What Can Active Noise Reduction Headsets Do for You?
Nixon-CW; McKinley-RL; Steuver-JW; McCavitt-AR
NIOSH 1992 Apr:107-110
The active noise reduction (ANR) performance of voice communication headsets used by the United States Air Force was evaluated. Data from laboratory investigations included total and passive sound attenuation of the headset units. Active cancellation was calculated as the difference between total and passive attenuation at each of the one third octave band test signals. Overall sound attenuation was measured for some headsets at selected sound pressure levels ranging from 120 to 135 decibels (dB). Personal communications with developers, users, and other investigators provided additional insight on performance and utility of ANR headsets in real world situations. Results showed that maximum active attenuation in four circumaural devices tested was 15 to 22dB, and that this occurred at 100 to 250 Hertz. Of three devices tested at very high pink noise levels, two continued to operate at the 135dB sound pressure level (SPL), but the amount of ANR was 0dB to 5dB. The third headset provided effective ANR at lower SPLs, but ceased to function above 130dB. Aircrew comments on flight test experience indicated active attenuation and clearly much less noise at the ears, as well as improved quality and clarity of speech due to a better signal to noise ratio. Speech intelligibility measured in the presence of pink noise showed improvements of 5% to 10%. The role of headsets in hearing conservation within military noise environments was discussed. The authors conclude that ANR headsets provide capabilities that permit personnel to safely remain in certain noise environments for longer periods, and improve voice communication, but do not provide any change of noise with a high frequency spectrum.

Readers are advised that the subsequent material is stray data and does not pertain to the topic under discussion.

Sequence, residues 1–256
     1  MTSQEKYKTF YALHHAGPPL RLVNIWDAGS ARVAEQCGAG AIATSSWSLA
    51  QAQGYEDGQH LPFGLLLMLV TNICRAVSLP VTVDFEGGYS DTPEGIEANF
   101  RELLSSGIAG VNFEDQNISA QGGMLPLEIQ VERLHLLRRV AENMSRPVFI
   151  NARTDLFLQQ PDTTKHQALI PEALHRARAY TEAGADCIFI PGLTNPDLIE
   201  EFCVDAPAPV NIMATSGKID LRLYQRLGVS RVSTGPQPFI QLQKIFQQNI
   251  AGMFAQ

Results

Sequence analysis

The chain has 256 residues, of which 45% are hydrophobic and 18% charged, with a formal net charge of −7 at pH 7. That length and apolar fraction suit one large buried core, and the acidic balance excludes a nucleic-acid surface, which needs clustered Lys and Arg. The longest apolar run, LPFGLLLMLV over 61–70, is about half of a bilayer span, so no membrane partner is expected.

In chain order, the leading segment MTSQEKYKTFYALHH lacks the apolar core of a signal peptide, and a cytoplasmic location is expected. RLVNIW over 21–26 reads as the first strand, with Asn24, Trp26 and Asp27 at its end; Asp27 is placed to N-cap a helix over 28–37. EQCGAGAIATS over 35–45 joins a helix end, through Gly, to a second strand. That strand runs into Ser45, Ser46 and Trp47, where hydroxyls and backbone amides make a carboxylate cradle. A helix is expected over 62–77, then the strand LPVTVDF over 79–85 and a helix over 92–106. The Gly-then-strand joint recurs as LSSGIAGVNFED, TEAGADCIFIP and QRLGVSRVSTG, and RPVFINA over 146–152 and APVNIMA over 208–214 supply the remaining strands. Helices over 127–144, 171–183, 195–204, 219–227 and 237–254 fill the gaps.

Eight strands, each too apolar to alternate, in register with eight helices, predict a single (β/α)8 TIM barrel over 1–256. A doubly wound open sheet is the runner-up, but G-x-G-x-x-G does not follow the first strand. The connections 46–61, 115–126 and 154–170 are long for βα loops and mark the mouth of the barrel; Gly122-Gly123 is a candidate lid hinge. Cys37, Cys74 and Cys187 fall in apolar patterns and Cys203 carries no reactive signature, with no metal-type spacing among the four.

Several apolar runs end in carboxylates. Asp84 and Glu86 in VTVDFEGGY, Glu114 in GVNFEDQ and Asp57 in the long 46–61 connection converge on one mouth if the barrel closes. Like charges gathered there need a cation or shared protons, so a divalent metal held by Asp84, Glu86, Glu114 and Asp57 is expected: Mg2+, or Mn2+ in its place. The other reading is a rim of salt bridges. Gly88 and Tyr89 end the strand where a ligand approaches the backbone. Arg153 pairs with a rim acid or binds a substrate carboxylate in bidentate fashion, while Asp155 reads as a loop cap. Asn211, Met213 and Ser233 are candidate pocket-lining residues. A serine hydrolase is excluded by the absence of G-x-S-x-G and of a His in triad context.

Audiometry; Ear-protectors; Hearing-disorders; Military-personnel; Noise-induced-hearing-loss; Speech-transmission; Noise-measurement; Noise-levels; Voice-communication;
Hearing Loss; Disease and Injury; Noise-induced-hearing-loss;
Proceedings, 1992 Hearing Conservation Conference, April 1-4, 1992, Lexington, Kentucky, Office of Engineering Services, University of Kentucky and NIOSH